CONTENTS:- 1. Lessons from endophytes: peering under the skin of plants. 2. Biotechnological options to enhance aqua-food production. 3. Biosensors. 4. Biopesticides and biofertilisers for sustainable agriculture. 5. HOrizontal gene transfer by Plasmids and resulting antibiotic resistance with reference to Vibrio-a review. 6. Plant biotechnology. 7. In vitro antibacterial activity of C-phycocyanin from Nostoc Muscorum. 8. Vermicomposting of teak wood tree leaves litter by susing earthworms Eudrilus Eugeniae and Lampito Mauritii. 9. Anaerobic digestion: a technology option for Municipal solid waste management. 10. Chemical investigation and therapeutic uses of medicinal plants. 11. Biotechnology, biosafety and intellectual property rights. 12. Biopesticides for promising agriculture. 13. Sickle cell haemoglobinopathy and its allied disorder. 14. A review on intellectual property rights. 15. Alkaline protease production by isolated bacillus species.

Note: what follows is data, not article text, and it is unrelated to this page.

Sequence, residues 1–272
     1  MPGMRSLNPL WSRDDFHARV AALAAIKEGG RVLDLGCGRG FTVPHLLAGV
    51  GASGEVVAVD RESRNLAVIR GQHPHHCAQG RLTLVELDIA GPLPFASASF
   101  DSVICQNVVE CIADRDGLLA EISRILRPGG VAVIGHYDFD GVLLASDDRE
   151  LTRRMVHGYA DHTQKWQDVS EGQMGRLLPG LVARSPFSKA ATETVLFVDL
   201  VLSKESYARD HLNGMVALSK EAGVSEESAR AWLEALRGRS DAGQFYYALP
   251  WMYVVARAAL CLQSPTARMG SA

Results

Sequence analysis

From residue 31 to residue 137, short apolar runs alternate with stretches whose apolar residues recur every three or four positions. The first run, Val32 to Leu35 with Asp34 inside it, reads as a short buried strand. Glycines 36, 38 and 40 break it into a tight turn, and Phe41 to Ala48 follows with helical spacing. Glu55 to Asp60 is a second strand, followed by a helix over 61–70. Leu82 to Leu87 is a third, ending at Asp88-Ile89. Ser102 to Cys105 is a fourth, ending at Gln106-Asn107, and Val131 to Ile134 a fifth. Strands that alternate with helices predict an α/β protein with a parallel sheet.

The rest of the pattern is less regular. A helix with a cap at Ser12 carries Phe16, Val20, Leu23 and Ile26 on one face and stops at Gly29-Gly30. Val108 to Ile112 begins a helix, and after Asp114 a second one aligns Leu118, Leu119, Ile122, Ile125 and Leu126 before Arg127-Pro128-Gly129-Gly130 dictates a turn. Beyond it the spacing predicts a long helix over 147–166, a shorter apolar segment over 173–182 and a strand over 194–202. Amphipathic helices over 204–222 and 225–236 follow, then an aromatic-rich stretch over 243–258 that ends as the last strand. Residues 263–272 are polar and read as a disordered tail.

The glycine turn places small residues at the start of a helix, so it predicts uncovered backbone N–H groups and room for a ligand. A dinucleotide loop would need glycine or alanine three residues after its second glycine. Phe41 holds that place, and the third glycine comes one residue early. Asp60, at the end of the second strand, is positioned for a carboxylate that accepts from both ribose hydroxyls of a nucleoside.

Biotechnology, the science of applied biological process, deals with exploitation of biological comments for production of useful products. It is defined as the development and utilization of biological processes, forms and systems for obtaining maximum benefits to man as well as other forms of life. The European Federation of Biotechnology has defined Biotechnology as the integrated use of biochemistry, microbiology and engineering sciences for achievement of technological application of the capabilities of micro-organisms, cultured tissue cells and parts there of. Biotechnology is as old as human civilization in origin. By traditional (old) Biotechnology we mean the conventional technology which is in vogue for centuries. By applying traditional biotechnology or kitchen technology beer, wine, cheese and many types of food have been prepared. Egyptians (about 2000 B.C.) used to prepare vinegar from crushed dates kept for a long time. But crushed dates produce intoxicants at first. It was in Egypt, Mesopotamia and Palestine (about 1500 B.C.) that the arts of producing wine from crushed grapes and beer from germinated cereals using a bread leaven (a mass of yeast) was established. Since Vedic period Indian Ayurveda produces 'Asava' 'Arista' using different subtracts, flowers of Mahua (Madhuca Indica) or Dhataki (Woodfordia fructicosa).